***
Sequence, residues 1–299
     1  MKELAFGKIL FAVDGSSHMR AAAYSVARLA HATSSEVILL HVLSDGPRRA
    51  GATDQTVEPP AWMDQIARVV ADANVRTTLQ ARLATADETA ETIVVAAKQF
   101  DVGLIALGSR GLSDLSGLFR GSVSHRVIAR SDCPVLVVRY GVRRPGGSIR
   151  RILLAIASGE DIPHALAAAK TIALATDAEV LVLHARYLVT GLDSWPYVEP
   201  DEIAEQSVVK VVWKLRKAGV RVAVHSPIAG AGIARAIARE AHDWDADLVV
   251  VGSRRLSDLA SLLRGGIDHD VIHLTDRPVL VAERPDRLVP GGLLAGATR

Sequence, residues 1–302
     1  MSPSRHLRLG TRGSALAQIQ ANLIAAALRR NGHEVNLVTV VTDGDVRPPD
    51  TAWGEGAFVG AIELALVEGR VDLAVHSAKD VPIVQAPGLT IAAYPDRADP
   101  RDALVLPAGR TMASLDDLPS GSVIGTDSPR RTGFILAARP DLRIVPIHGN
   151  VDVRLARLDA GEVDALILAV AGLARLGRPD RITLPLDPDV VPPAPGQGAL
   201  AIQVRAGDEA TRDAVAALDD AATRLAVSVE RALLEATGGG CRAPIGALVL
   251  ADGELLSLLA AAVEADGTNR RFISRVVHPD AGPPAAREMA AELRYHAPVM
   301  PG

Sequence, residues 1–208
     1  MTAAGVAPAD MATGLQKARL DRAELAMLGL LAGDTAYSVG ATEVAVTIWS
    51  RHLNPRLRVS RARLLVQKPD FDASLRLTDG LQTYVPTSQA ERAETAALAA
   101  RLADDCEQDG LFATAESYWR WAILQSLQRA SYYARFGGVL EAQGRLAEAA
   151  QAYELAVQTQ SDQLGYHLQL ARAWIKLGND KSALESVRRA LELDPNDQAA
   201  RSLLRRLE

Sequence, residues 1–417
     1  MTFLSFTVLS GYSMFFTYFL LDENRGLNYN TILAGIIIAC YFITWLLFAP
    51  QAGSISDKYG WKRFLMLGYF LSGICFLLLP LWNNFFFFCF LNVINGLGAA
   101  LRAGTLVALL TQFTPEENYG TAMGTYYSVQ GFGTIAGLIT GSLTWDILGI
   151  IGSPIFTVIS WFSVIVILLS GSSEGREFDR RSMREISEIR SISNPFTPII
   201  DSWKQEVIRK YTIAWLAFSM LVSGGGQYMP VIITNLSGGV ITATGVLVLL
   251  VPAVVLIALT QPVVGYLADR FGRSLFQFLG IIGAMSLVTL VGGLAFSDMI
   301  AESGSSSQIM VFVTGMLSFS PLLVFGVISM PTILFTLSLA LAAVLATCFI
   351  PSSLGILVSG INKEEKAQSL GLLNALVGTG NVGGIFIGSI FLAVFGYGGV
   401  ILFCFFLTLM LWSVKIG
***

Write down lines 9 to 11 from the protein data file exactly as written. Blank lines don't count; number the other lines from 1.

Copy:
     1  MSPSRHLRLG TRGSALAQIQ ANLIAAALRR NGHEVNLVTV VTDGDVRPPD
    51  TAWGEGAFVG AIELALVEGR VDLAVHSAKD VPIVQAPGLT IAAYPDRADP
   101  RDALVLPAGR TMASLDDLPS GSVIGTDSPR RTGFILAARP DLRIVPIHGN